Taking A Stand Against Stigma

No Meatless Monday recipe tonight, folks! It’s Mental Health Week for the Canadian Mental Health Association!

As some of you may already know, I am very interested in mental health and raising awareness about the stigma surrounding mental illness (perhaps you remember my very first post about Bell’s Let’s Talk Day). It amazes me sometimes what poor attitudes and perceptions people can have towards those coping with mental health issues – even if it’s a close friend, loved one or relative. One can still be mentally healthy while coping with a mental illness, just as one can be mentally unhealthy even without a mental illness.

In an attempt to take a stand against the stigma surrounding mental illness and mental health issues, I am going to write about the mental health issues I struggled with during university and how stigma served as a significant barrier to seeking help. Hopefully it will open some eyes, minds, and encourage others to share their stories! After all, 1 in 5 Canadians will be affected by a mental illness at some point during their lives.

My Story

For a brief period during my early years of university (about 6 months or so) I was experiencing an emotionally difficult time. Recent life events had me feeling rather unbalanced and insecure. I would cry a lot for no particular reason, I had insomnia and wouldn’t be able to fall asleep until 5 a.m., and on several occasions I experienced anxiety attacks. I knew something was wrong, but I fell victim to negative self-talk by convincing myself that I deserved to feel this way. I deserved to feel unhappy because I was not a good person. The fact that I was normally such a positive person made things worse, because I was scared to tell anyone I knew what I was experiencing. I didn’t want them to see me differently or label me as something I was not. Fear, anger, shame, embarrassment, stress… These, my friends, are the effects of stigma!

Looking back now, I don’t think I always did the best job at hiding my feelings, even though I was trying to. I think subconsciously I was trying not to hide anything in an attempt to “tell” people that I needed help, without actually asking for help (if that makes any sense). Long story short, it got to a point where I broke down and finally told the one person I did not want to reveal anything to – my boyfriend, who I had just started dating at the time – that I needed help.

After making an appointment with a physician, it was determined that I was experiencing some symptoms of depression and anxiety, though not enough to warrant a medically diagnosable mental illness. Although I attended some counselling sessions and took medication for the anxiety issues for a little while, I have to say that what truly helped improve my mental health was social support from others. I will never forget when my boyfriend said, “I may not always know what to do or say, but I am here for you.” That’s all I really needed. Supportive individuals to help drown out the negative self-talk and replace bad thoughts with good ones. I think the real turning point came over the Christmas holidays. I was locked up in my room feeling rather down when a friend of mine called me from a party he was at with a group of my friends. He said he just called to say hi, and that everyone else said hi and they wished I was there. That one phone call, though seemingly insignificant, started to alter my way of thinking. It made me realize what wonderful people I had (and still have) in my life and how much they care about me. It was time to let go of the negative energy that was polluting my life and surround myself with the things that truly mattered – family, friends, laughter and love :)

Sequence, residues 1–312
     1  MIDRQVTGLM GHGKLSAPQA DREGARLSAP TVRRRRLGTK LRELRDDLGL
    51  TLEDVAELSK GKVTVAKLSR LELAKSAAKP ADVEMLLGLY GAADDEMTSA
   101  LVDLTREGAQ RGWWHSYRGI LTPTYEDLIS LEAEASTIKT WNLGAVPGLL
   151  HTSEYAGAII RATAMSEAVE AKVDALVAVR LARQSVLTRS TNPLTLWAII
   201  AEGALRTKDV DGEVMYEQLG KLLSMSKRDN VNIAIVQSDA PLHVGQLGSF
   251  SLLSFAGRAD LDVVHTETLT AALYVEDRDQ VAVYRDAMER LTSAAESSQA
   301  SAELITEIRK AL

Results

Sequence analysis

After that night, things gradually got better and returned to how they used to be. Over the past several years I’ve learned to surround myself with the right people and practice positive self-talk. I’ve adopted healthier habits (which I’m sure you have gathered if you follow my blog regularly!) that have only helped to improve my physical and mental well-being. In my opinion, life can only get better from here :)

Hopefully this story helps inspire some positive change, whether it’s in others’ attitudes, beliefs or actions! It’s been interesting seeing mental health issues getting more attention in the media lately. Check out this article on the Mental Health Commission’s newly proposed $4-billion mental health strategy! In addition, I strongly encourage you to visit the Mental Health Week website to learn more about mental illness, stigma, and how you can exercise your mental health!

– Be Well, Stay Positive  xo


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